Is it too early to declare ‘Fear the Walking Dead’ a bad television series? It’s certainly not too early to call it a disappointing one, and that disappointment continues in Episode 4, an entry so inconsequential that viewers don’t get to see a single Walker during its entire running time.
The episode starts promisingly enough, with our main characters going through daily routines to the tune of Lou Reed’s “Perfect Day.” Travis is out for a morning jog, Nick is lounging in the pool on an inflatable, and Chris is up on the roof of Madison’s house videotaping his own little personal documentary. We soon discover, however, that the National Guard has fenced in their area of Los Angeles and this is one of the “safe zones” that the military has set up around the city.
While Chris is up on the roof, he notices a flash coming from another house outside the safe zone. He soon realizes that someone is signaling back to him. Later, when he shows Travis the video, his father – perhaps the dumbest member of our clueless group of heroes – passes it off as the reflection of the sun or something. However, when he shows the video to Madison, it piques her curiosity.
The military leader assigned to their safe zone asks Travis to talk to one of his neighbors, Doug, who has refused to submit to a medical screening. Travis pays a visit and is able to talk him into allowing the troops to check him out, but not long afterwards, Travis learns that Doug has taken off in his car. He goes out looking for him, but is only able to find his abandoned vehicle. When Travis talks to the National Guard leader about it, he finds out that Doug has been taken outside of the zone for further evaluation because they believe he’s a threat to their ongoing safety.
Nick spends the first part of the episode acting like he’s kicked his drug habit, but it’s just a ruse. He sneaks over to a house where Liza has been taking care of a sick man (who’s hooked up to a morphine IV). Nick removes the IV from him and sticks it in his foot as he hides underneath the bed. Before the episode concludes, Madison finds out about Nick’s deception and gives him a proper beat-down – the most exciting thing to happen this week, believe it or not. (Do you think AMC is going to get letters from domestic abuse groups? Or do you think everybody will be happy that someone finally slapped this kid?)
Madison sneaks outside the fence in an attempt to perhaps figure out who’s signaling from the distant house. She doesn’t find anything on that front, but discovers a lot of dead bodies on the streets, all of them shot in the head. Many of them appear to have shown no signs of the Walker virus. She hides under a car (with another dead body) when troops patrol the area she’s in, but she’s able to get back inside the safe zone without getting caught.
Liza gets a visit from Dr. Bethany Exner (Sandrine Holt from ‘The Returned’), who informs Liza that she knows she’s not really a nurse, but would like her to continue to help the sick in the safe zone. Grizelda Salazar’s foot injury has become more serious, and Dr. Exner tells Daniel that she’ll need to be transported to a military hospital they’ve set up that’s about 50 miles away. Daniel agrees, but insists that he must go with his wife. He then goes to talk to Madison and relays a story about when he was younger and the military came to his hometown in Chile and took people away… people who Daniel later discovered were dead. He warns Madison to keep those she cares about close to her and then asks her if she’ll promise to take care of his daughter, Ofelia (who appears to be in her mid-30s, by the way, so I’m not sure why she needs a parental figure) if he doesn’t come back. Ofelia, incidentally, has sparked up a romance with one of the local military grunts – whom I’m pretty sure she’s got at least ten years on. (Again, the actress playing her seems much older than the character.)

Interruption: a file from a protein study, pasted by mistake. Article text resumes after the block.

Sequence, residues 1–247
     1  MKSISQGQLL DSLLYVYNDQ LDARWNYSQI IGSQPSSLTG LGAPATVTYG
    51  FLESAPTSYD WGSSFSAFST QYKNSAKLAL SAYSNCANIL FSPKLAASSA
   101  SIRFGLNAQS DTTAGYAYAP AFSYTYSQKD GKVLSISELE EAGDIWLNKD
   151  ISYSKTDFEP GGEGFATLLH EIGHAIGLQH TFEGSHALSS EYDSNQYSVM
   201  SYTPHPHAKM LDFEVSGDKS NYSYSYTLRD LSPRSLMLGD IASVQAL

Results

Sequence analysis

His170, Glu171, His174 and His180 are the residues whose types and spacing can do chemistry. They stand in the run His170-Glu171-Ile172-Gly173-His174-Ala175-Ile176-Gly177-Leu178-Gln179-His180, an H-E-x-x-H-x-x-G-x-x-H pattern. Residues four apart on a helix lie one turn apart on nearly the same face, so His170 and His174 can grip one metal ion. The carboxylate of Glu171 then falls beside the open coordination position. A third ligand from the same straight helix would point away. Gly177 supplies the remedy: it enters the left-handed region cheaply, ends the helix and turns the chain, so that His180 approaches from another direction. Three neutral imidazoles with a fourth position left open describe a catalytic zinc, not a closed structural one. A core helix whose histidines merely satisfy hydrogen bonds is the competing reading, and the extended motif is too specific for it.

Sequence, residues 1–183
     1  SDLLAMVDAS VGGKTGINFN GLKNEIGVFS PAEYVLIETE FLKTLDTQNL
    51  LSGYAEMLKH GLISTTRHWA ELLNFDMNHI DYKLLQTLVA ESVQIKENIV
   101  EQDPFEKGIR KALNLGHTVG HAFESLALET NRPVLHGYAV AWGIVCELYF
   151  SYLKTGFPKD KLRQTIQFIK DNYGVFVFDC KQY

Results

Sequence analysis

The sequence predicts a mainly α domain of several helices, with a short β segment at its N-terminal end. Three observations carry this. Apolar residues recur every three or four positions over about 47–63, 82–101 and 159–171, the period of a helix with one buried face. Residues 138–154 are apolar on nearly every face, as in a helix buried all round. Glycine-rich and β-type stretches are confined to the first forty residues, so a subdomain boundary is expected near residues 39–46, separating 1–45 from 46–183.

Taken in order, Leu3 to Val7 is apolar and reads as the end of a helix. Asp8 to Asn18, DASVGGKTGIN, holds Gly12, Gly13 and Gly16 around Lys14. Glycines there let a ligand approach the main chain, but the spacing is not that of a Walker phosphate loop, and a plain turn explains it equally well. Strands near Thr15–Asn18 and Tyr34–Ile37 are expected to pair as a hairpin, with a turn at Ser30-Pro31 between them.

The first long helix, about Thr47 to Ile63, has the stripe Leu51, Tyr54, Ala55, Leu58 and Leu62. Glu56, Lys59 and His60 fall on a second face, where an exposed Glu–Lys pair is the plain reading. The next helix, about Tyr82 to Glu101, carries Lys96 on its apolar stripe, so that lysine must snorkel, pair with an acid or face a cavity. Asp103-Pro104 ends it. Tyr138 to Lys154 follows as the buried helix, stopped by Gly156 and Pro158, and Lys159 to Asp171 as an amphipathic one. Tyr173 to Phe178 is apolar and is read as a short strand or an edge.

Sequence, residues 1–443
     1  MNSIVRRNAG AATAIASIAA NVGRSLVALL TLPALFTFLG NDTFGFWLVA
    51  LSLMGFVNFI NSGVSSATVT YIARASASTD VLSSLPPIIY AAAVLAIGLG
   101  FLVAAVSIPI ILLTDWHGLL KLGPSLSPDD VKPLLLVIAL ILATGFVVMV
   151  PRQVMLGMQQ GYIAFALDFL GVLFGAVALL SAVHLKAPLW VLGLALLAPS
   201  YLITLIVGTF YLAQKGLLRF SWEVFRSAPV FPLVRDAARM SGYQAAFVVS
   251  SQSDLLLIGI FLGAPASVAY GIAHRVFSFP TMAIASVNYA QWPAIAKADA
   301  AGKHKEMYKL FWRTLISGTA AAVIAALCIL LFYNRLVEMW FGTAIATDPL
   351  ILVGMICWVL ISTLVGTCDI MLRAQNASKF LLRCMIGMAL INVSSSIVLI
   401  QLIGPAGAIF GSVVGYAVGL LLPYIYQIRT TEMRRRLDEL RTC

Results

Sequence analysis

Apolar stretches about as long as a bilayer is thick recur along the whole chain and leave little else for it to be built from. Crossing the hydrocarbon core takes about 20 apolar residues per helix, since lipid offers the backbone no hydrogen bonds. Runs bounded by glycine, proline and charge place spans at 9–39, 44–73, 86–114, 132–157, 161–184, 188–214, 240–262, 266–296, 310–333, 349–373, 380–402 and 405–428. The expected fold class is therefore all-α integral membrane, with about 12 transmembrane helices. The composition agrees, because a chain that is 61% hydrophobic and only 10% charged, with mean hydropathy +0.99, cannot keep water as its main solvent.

The episode wraps up with Grizelda being transported off to the military hospital – with a few twists. First, the military personnel (including Dr. Exner) have no intention of allowing Daniel to go with them. Secondly, they also take Nick – whose drug habit Dr. Exner has learned about. Exner also asks Liza to come with them to help, and she agrees. Madison, naturally, is furious about her son being taken away and tells Travis that she blames Liza for what just happened. Personally, I blame the writers for this whole silly mess.
I’d like to think that Nick being dragged off at the end of this episode means we won’t have to see him again, but we all know that’s not going to happen. I also wonder if we’ll ever find out who was flashing that signal in the other house, but I’m also guessing that’s just a red herring and won’t be mentioned again. I also hope that Travis will get a clue before he’s officially declared the dumbest character on cable TV.
I hate to be so cynical about ‘Fear the Walking Dead’, but I’ve had a theory for a while now that this series was little more than AMC’s attempt to make a cheaper version of the golden goose series so that, a few years from now, when production and cast costs on ‘The Walking Dead’ get too high to sustain continuing it, the network can end that show and make this one the primary zombie series. What we’ve seen from ‘Fear the Walking Dead’ so far certainly indicates that this show has gone the cheaper route. I’m not sure how much each episode costs, but I’m guessing it’s significantly less than ‘The Walking Dead’, even when one doesn’t count the cast salaries involved.
I’ll still stick out this show for the final two episodes (if only so I can report back on them here), but unless there’s a huge sea change in the final two weeks, I don’t see myself coming back to this series next year.